Manoj Bajpayee, Tisca Chopra, and Sayani Gupta talk about the charm of short films, on the sidelines of a series of panel discussions
Short films have often been stepping stones to feature films. There are enough success stories in film industries across languages to prove that. However, there’s also been a niche category of established filmmakers and actors dipping their feet into shorts occasionally to tell strong stories. This has been more prevalent in the Hindi film industry.
Anurag Kashyap directing a short or actors of repute such as Naseeruddin Shah, Nawazuddin Siddiqui or Manoj Bajpayee acting in one doesn’t come as a surprise. These shorts are quickly lapped up by netizens.
“Whether I choose a feature, web series, or a short, I look for stories that can be clutter breakers,” says Bajpayee, speaking on the sidelines of a panel discussion held in Mumbai to launch LSF Evenings, an initiative by Royal Stag Large Short Films platform.
In normal circumstances, the panel discussions would have been hosted in different cities. Given the pandemic, this year a series of discussions were filmed in Mumbai and will be available to view soon on Zee network and Royal Stag Large Short Films YouTube channel.
Moderated by Mandira Bedi, the discussions had Saif Ali Khan, Nawazuddin Siddiqui, Manoj Bajpayee, Samantha Akkineni, Divya Dutta, Sayani Gupta, Shweta Basu Prasad, Tisca Chopra, Niranjan Iyengar, and Shivani Raghuvanshi focusing on the emerging trends in Indian cinema, the collapsing of the commercial and indie barriers, and the changes brought about by the pandemic on storytelling: “The audience has shown a great appetite for content and the onus is on us to deliver. When theatres were shut for months, there was no other source of entertainment and everyone turned to digital platforms,” says Bajpayee.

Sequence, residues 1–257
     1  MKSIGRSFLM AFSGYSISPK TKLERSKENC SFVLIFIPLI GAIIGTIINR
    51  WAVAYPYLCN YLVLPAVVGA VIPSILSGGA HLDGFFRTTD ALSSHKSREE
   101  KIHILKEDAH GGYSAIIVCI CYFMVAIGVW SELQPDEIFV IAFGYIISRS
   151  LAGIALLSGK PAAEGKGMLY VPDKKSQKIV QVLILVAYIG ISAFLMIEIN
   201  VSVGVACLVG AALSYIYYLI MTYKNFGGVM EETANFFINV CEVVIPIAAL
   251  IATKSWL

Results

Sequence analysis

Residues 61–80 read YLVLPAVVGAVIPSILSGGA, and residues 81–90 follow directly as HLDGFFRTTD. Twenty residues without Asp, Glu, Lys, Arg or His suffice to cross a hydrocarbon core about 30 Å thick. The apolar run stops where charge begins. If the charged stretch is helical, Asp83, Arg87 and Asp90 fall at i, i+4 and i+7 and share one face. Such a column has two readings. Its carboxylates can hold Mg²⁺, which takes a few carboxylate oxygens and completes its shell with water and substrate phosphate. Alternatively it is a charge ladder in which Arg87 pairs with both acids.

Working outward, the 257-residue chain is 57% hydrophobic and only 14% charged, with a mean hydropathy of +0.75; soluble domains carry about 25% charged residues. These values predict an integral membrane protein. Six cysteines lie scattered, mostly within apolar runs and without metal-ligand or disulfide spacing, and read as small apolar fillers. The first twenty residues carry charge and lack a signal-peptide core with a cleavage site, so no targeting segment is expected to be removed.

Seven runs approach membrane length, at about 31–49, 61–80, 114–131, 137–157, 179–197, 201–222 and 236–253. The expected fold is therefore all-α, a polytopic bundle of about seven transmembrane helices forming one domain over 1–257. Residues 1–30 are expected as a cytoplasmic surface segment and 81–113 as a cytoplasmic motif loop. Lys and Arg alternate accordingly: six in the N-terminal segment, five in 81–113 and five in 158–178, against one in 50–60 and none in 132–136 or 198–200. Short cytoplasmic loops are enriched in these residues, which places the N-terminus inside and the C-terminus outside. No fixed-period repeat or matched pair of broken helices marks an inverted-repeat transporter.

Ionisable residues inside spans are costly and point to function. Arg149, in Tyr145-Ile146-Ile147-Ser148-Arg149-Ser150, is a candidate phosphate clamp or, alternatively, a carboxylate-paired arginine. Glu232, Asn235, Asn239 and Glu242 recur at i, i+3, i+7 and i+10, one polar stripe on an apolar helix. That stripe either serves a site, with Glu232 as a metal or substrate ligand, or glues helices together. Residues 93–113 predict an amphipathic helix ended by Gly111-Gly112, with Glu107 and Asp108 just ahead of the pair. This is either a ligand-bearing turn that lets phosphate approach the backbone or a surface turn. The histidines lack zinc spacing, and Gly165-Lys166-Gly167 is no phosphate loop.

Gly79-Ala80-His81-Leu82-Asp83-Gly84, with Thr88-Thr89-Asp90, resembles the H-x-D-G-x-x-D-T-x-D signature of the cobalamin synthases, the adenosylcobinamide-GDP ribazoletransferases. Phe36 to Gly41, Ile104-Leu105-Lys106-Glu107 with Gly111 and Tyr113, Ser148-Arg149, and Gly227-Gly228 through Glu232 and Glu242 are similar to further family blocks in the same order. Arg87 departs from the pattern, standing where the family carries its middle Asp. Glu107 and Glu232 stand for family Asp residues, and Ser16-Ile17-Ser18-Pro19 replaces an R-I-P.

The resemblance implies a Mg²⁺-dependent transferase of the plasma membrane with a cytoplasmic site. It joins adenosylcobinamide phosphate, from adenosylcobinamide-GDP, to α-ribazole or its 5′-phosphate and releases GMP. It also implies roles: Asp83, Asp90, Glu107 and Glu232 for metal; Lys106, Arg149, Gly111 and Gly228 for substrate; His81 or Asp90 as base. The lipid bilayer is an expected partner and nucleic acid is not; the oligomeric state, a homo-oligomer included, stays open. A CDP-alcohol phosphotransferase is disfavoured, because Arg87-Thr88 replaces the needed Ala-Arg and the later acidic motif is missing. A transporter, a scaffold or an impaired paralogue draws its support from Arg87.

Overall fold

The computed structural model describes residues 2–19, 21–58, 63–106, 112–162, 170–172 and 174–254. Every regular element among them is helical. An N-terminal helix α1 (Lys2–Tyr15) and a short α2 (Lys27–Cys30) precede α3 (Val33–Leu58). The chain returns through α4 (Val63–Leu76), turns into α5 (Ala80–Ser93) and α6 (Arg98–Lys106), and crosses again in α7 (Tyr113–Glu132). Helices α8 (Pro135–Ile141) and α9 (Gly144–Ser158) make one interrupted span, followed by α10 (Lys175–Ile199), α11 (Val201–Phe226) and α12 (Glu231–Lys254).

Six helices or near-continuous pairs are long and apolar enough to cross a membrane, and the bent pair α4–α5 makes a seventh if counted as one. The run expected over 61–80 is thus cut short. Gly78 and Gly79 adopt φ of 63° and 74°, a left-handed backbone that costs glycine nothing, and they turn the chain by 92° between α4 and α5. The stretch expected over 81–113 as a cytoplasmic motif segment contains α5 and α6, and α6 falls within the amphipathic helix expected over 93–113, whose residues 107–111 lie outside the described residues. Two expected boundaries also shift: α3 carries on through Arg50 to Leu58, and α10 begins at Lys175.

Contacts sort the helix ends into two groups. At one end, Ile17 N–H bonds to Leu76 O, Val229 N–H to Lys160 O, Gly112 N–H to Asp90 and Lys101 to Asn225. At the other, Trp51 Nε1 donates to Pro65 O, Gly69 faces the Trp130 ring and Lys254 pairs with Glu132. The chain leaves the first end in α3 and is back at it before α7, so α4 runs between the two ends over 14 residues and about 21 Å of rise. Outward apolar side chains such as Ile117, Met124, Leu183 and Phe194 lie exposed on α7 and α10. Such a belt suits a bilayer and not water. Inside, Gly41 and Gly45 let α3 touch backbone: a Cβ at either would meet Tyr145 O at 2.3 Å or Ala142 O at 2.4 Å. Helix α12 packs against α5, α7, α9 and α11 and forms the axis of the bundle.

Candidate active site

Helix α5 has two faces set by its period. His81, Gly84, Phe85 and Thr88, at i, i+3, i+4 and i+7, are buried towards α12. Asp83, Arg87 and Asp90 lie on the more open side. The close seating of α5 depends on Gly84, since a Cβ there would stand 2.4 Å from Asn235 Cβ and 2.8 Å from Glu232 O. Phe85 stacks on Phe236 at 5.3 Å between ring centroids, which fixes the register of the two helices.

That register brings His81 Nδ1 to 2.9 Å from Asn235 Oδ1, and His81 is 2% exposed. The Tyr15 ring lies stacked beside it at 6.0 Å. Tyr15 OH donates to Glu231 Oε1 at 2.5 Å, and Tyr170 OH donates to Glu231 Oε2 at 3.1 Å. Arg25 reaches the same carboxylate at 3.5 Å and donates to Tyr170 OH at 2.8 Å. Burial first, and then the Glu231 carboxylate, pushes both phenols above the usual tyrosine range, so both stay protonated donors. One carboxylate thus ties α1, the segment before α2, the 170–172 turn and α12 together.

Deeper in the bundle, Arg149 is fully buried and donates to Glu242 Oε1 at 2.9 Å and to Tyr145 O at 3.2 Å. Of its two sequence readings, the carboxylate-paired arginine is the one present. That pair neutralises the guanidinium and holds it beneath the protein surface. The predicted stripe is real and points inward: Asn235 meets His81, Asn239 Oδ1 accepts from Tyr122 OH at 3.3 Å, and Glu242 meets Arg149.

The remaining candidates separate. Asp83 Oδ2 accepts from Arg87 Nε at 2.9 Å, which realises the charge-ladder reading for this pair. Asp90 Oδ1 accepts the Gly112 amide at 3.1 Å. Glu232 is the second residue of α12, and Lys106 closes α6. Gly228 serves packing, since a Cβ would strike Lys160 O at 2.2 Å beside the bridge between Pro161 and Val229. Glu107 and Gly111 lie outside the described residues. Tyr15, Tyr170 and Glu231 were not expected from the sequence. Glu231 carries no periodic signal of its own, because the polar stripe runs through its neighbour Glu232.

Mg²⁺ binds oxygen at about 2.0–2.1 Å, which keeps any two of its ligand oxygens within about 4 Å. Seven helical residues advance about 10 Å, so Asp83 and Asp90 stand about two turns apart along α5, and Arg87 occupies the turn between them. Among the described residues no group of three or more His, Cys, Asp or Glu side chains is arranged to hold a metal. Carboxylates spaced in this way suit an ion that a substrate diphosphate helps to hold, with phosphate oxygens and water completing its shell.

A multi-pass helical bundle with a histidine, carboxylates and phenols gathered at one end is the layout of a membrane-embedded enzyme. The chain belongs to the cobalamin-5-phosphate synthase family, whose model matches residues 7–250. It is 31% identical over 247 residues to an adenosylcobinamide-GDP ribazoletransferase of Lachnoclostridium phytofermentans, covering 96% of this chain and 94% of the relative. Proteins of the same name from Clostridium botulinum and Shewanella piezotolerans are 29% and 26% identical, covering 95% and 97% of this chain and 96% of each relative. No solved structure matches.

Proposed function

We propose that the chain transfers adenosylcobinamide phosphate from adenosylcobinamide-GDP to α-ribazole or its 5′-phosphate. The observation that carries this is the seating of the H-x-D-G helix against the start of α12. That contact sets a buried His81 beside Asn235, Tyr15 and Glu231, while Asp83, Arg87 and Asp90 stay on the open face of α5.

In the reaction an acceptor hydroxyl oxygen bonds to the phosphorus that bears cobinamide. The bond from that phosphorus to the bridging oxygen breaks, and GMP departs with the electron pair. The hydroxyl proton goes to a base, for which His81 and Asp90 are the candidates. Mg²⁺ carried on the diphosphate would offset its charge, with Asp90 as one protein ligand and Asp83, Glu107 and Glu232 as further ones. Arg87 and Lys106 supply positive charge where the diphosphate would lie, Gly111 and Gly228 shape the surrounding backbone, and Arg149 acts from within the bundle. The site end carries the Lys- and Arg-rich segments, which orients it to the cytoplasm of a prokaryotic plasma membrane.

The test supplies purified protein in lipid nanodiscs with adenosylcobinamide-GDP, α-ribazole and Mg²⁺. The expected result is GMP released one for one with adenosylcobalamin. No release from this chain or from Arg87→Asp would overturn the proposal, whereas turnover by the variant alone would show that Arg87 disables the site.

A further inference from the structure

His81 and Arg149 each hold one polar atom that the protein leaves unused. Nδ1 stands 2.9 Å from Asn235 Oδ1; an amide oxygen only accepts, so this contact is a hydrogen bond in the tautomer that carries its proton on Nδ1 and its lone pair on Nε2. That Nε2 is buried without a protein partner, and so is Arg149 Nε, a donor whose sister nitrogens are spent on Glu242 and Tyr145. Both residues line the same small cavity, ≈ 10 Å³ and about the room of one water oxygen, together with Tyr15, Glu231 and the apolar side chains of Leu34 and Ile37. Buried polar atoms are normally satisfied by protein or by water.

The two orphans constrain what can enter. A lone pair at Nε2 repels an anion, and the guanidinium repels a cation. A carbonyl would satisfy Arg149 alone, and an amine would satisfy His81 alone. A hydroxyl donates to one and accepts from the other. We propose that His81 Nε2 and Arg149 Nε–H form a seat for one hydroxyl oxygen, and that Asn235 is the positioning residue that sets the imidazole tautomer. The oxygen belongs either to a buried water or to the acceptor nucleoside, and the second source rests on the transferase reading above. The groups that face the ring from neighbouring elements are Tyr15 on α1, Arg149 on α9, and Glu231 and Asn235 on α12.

Some of the short films Bajpayee has featured in are Kriti directed by Sirish Kunder co-starring Radhika Apte, Zahir with Dia Mirza, and Ouch with Pooja Chopra. “I try to select a story that shakes me up. Within a short duration, the story has to be narrated effectively to impact the viewers,” he says.
Actor Tisca Chopra had turned producer with the short film Chutney (2016) and now, she is turning director with the short Rubaru. The film stars her and Arjun Mathur and is scheduled to drop on the Large Short Films channel in late November. “I had the time of my life,” she says about directing the film, “Rubaru talks about what it entails to be an artist and the struggle for relevance.”
The Rubaru crew finished shooting in February and took a break, intending to regroup a few weeks later for postproduction. However, it turned out to be a six-month break thanks to lockdown. Looking back, Tisca says a short film entails enormous preparation where everyone in the crew has to hit the bull’s eye for each shot/take. “You can’t afford to say kal dekh lenge because you have to usually finish the film in three or four days.”
From the audience’s point of view, Tisca equates the experience of watching a short as an “affair” as opposed to “a longer, committed marriage” for feature films and series. “It’s a great way to get introduced to new creators, content, and actors. Chutney clocked 131 million views and was a rewarding experience,” she avers. Tisca plans to direct a feature film in 2021.
The short film Shameless starring Sayani Gupta and directed by Keith Gomes was among the finalists at the third edition of the Best of India Short Film Festival 2020 recently. The actor who has acted in several shorts has the last word when she points out that short films made by renowned directors such as Satyajit Ray and Wes Anderson have proved that poignant stories can be narrated in the format: “There’s room to narrate a wide variety of stories in a duration of a minute or even 40 minutes. Shorts have a different charm about them and can be effective messaging tools.”